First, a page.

To provide an estimation for the number of households and the number of individuals living in each precinct, the ISS developed a methodology whereby Stats SA's small area data from the 2011 census and the police precinct boundaries released by the SAPS are projected onto each other, creating polygons. Small areas are units of analysis provided by Stats SA to allow for in-depth analysis of census data. With the release of the Small Area Layer (SAL) level of data from the 2011 census, it becomes possible to provide an estimate of the population per precinct.

In areas with high population density, the surface area of the unit of analysis will be small, as the areas are based on a rough estimate of the number of households. In sparsely populated areas, the area covered by this unit of analysis may therefore be much larger.

Overlaying the spatial data from the 2011 census with precinct boundary data provided by the SAPS, 96% of the SAL units fall completely within the boundaries of a police precinct. Figure 2 gives an example of the overlay of precinct boundaries (green lines) with the SAL layer. The population data and household census data for the areas that fall completely within the precinct boundaries are assigned to that police station.



For the remaining 4% of SAL areas, a very basic area proportional assignment was used. For example, if 30% of small area X falls within precinct A and 70% within precinct B, 30% of the population and all related census data are allocated to precinct A, and 70% of the population is allocated to precinct B. Adding up all the small areas and partial small areas within each precinct then gives us an estimated population per precinct.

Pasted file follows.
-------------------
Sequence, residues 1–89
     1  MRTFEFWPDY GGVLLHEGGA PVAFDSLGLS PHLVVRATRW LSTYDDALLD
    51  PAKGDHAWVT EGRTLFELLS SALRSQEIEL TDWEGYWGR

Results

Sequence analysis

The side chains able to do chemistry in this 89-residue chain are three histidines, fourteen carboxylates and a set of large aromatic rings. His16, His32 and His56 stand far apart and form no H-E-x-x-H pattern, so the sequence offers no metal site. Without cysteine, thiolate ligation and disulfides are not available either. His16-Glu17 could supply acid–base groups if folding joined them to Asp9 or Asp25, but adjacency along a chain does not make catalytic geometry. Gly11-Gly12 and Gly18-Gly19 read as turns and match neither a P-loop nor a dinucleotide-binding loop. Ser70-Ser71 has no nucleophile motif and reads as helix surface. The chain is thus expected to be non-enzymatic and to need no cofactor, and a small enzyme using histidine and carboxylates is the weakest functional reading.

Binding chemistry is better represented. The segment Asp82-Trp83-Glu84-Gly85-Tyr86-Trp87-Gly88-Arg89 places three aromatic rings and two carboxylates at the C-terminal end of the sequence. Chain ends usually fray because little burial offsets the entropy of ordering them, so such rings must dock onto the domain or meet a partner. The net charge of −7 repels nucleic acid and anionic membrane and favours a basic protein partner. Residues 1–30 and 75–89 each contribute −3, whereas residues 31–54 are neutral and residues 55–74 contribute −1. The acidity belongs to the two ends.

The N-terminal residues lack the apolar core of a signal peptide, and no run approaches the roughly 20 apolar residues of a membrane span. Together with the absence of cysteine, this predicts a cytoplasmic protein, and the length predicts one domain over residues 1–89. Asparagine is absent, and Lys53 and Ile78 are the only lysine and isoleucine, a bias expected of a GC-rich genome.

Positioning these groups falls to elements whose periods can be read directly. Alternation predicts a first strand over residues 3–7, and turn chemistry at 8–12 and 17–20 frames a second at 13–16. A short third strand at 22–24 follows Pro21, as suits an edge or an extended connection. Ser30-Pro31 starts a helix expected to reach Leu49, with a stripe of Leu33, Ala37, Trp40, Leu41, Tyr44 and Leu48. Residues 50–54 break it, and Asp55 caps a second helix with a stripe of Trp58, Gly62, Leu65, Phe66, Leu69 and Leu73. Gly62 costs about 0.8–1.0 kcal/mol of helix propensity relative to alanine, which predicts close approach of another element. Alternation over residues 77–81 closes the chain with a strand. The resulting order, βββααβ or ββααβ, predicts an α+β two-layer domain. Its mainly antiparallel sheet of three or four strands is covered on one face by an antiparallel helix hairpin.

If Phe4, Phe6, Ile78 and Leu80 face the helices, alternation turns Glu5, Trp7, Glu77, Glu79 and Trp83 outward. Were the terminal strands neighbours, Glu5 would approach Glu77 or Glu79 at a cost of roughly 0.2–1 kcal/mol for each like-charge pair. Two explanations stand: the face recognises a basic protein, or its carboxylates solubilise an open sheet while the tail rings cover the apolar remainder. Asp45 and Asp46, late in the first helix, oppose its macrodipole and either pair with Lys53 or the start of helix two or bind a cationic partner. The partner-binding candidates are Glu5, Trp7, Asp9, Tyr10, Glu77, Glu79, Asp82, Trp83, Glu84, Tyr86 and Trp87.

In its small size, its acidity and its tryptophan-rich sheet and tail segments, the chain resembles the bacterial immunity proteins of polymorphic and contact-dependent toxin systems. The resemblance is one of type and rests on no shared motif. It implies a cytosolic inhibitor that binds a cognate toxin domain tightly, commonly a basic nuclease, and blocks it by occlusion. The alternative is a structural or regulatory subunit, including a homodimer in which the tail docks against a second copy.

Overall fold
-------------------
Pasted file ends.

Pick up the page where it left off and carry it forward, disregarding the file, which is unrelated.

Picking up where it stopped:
Each year, Stats SA releases mid-year population estimates at a provincial and district municipality level. The population estimates per police station are updated each year, using the district level population growth estimates provided by Stats SA in the mid-year population estimates. This growth rate is then applied to all the precincts in that district.15

Calculating crime rates

To calculate the crime rates for each police precinct, the number of crimes per precinct from the 2014/2015 SAPS crime statistics are divided by the population per precinct. The total is multiplied by 100 000 to derive the crime rate per 100 000 population.

Multiple regression analysis

The data were analysed using multiple linear regression utilising SPSS 23 statistical software. Linear regression is used to predict the influence of various input variables (independent variables) on one output variable (dependent variable). Various models were tested to ensure minimal collinearity between the independent variables in each model. The independent variables and dependent variables are described below.

Independent variables

Several independent variables were identified in the initial and exploratory research based on the ecological framework, as they provided insight into the individual, relationship, community and societal characteristics of the population in each precinct. As our analysis is limited to data from the 2011 census, the indicators below were used in the regression models.16 These indicators could be used to approximate the different layers of risk factors mentioned in the ecological framework model. The selected variables are summarised in Figure 3 and a detailed description is provided in the text.



Population density

Population density was calculated using the population estimates per precinct as calculated for 2014/2015, divided by the surface area of the precinct in km2 according to the SAPS precinct boundary data. The population density for South Africa is estimated at 43 people per km2.

Ethnic heterogeneity index

Sampson et al. theorise that ethnic heterogeneity as a measure of social disorganisation can influence certain types of crime in a specific area.17 A commonly used measure for heterogeneity is the heterogeneity index described by Blau.18 The index is calculated on the population group variable, and is described by where pi is the fraction of the population in a given group. This measure increases when heterogeneity increases, and is zero when there is no heterogeneity (for example, when only one population group is present).